It may be good to articulate the way that our discussion of the common good helps us find this virtuous middle. Note that our concerns today are actually about trying to deploy the appropriate notions from political philosophy within theology itself—noting, of course, that we’re elevating the notions as we use them. We’re sharpening the philosophical tools of common good / subsidiarity to make use of them in theology here
 The texts on this page are useful. Find Mansi Latin for any that you think will be of particular help. I think that the Canon recommendation is interesting and a bit amusing. (And the Latin is indeed quirky….!)
 The understanding of “Ordinary” here at the bottom is a little rhetorically cheap. It means non-delegated. See Journet’s discussion of the meaning of this term. We still can (and must) hold that the Pope (or any leader of a universal whole) has ordinary authority—but that doesn’t mean “ordinary non-subsidiary”. It just means, “By virtue of this office, He has the authority that he has.”
 “Had the Primacy been debated…” This is a very interesting point about how things might have been different if the documents were reversed in their writing / approval.
 See Zinelli’s mind-boggling quote, perhaps worth keeping for our own use, if only in a footnote: “Is there anyone…”
 You marked the “preservation of unity” as the task of the Papacy. I agree. However, we need to define this richly enough. That is an essential part of our task. Too often, this is presented as being a kind of “preservation of the unity of the parts, for the sake of the parts.” This is implicitly based upon the model of political liberalism.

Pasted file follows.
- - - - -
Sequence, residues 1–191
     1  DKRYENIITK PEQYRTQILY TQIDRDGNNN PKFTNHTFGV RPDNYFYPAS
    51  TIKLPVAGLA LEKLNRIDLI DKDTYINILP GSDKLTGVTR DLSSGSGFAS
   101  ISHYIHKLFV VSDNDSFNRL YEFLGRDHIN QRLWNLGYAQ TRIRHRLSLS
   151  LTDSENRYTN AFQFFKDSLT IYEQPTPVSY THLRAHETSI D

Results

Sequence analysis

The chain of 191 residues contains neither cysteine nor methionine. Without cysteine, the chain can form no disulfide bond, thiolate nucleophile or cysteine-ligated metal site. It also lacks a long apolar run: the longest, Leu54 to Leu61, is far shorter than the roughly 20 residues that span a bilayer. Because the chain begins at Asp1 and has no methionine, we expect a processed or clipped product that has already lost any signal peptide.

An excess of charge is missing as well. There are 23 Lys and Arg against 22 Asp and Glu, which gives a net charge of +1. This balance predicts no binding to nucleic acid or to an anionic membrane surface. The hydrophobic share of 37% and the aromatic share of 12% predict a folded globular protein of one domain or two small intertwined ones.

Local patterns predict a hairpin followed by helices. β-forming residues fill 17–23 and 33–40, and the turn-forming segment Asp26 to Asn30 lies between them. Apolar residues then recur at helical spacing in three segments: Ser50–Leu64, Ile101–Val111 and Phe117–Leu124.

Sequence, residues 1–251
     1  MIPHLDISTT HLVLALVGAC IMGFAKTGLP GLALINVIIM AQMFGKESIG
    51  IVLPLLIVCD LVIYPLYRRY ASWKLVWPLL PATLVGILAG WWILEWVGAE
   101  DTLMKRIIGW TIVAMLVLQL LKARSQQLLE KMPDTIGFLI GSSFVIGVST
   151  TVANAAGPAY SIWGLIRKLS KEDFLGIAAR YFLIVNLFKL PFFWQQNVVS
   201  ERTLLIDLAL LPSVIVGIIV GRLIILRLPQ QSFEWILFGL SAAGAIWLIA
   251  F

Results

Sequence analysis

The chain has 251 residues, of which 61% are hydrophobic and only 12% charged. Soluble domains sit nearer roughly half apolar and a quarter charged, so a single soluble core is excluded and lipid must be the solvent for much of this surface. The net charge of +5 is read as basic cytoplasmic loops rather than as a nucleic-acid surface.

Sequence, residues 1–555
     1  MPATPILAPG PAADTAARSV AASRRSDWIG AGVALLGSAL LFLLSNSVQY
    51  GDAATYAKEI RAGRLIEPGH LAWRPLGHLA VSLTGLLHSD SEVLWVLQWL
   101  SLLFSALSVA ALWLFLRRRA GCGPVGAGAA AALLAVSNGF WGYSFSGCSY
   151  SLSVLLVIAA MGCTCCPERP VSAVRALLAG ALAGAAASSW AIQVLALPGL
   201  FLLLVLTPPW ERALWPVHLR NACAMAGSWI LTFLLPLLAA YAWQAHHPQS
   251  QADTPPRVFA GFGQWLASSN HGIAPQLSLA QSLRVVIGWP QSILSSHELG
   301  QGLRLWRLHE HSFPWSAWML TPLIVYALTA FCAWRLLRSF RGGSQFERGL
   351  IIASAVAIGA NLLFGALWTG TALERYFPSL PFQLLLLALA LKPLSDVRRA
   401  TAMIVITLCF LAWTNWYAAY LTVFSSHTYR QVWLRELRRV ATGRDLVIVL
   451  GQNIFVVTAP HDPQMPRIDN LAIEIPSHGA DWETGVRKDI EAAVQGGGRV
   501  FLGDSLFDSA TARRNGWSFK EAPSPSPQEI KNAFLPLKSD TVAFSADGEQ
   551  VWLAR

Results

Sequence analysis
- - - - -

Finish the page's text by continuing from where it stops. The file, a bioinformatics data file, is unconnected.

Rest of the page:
Cf. Deville also regarding the loss of the notion of the patriarch in the West. I still remain convinced that the papacy is formally and eminently Bishop of Rome and universal authority. (Cf. Journet) Thus, there aren’t two parts / roles slapped together side by side. However, this is somewhat like how (I’m using an analogy, mind you) God is at once Author of Nature and Author of Grace. We can talk about this, but the point goes beyond our concerns.
 The paragraph from 116-117 (long on 117) is of use.
[120-121] I’m looking for an analogy here—it’s not strict and we need to be careful. However, we need to make sure that “as a principle of unity” we consider the common good of the Church as, in a way, animating the activity of the whole. The formal cause (which is vitally related to the end, especially in communal matters like this) is in the parts—the parts themselves are only what they are precisely because they are in this whole. The temptation, too often fallen into, is to focus on the whole and forget the subsidiary role of the parts. However, analogy involves both yes and no. Thus, we can consider how the common good of the whole Church indeed animates all the parts (thereby also ensuring the ability of the Pope to be involved locally—but only because of that need of the whole) without thereby ruining the particular role of the part. In any case, it is very important from a sane vocabulary, philosophically, to parse the part-whole distinctions involved here in the subsidiary elements.